Indonesian Defense Minister Prabowo Subianto told his Chinese counterpart, Wei Fenghe (魏鳳和), that his country would not accept a request for a Chinese military base in the country, reports said Friday (Sept. 11).
The conversation occurred during a meeting between the two top defense officials in Jakarta on Sept. 8, according to a report by Indonesian publication Kompas. Indonesia occupies a strategic location on the southern edge of the South China Sea and on the main sea route between China and the Indian Ocean, the Middle East, Europe and Africa.
Subianto also excluded the possibility that Indonesia would sign military accords with any other country, a military spokesman said. China would never be allowed to set up a base on Indonesian soil, as the government conducted an active foreign policy based on national freedom, a military spokesman said.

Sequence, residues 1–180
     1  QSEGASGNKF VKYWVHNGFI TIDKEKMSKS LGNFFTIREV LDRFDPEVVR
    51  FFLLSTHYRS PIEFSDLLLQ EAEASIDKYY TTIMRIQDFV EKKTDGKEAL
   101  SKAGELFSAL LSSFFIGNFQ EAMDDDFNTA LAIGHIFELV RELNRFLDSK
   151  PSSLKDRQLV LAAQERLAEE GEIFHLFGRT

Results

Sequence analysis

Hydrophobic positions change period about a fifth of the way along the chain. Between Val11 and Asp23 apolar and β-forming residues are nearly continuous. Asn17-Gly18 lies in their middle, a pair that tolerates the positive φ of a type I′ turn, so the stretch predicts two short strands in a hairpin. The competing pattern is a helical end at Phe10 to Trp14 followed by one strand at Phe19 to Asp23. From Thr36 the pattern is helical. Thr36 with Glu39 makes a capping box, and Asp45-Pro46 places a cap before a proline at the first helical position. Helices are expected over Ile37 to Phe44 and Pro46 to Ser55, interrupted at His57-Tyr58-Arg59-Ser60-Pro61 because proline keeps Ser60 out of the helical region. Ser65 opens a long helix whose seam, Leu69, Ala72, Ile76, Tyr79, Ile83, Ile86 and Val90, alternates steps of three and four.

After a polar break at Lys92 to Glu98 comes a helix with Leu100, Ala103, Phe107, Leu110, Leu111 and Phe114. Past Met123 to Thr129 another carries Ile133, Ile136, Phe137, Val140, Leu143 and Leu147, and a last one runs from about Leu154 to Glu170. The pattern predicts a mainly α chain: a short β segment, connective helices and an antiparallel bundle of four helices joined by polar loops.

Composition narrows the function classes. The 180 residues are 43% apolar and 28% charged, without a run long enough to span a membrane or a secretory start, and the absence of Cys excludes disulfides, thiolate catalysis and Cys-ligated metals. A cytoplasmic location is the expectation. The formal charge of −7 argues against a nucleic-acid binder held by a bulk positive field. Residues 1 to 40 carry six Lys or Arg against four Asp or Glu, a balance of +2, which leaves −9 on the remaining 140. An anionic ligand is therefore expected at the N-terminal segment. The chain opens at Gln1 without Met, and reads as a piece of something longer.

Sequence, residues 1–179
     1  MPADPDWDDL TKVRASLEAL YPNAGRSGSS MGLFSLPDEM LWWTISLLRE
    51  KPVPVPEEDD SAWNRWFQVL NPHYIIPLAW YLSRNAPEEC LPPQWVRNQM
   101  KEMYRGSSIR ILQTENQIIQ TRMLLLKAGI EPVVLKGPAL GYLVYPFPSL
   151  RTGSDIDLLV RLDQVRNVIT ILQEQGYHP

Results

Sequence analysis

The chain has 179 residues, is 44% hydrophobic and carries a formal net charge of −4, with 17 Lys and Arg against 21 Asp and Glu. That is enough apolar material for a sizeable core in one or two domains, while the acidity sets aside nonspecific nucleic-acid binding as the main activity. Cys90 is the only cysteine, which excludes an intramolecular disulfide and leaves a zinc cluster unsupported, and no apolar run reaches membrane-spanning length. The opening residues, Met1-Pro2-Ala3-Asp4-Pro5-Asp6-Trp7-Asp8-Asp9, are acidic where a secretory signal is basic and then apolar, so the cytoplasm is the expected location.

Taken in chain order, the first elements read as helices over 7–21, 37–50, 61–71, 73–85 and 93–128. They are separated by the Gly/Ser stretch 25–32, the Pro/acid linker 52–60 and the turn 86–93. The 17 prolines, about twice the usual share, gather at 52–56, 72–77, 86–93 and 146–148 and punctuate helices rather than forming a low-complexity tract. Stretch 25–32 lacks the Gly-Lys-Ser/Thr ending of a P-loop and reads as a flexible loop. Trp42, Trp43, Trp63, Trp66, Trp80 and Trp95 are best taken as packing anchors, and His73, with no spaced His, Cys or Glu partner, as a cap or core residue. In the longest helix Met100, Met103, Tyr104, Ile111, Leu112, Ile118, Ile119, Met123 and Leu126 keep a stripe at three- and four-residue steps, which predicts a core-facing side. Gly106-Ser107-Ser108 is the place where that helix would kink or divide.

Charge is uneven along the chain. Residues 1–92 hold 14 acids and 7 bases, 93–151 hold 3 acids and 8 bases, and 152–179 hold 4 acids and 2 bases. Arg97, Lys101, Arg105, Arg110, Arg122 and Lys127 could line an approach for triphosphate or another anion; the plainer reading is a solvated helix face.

According to a U.S. report about China’s military published Sept. 1, Beijing was looking to expand its reach overseas by opening more bases. Djibouti in the Horn of Africa is one mooted location, but China is considering several other countries, from Sri Lanka and Myanmar, all the way to the Seychelles off the coast of East Africa, CNA reported.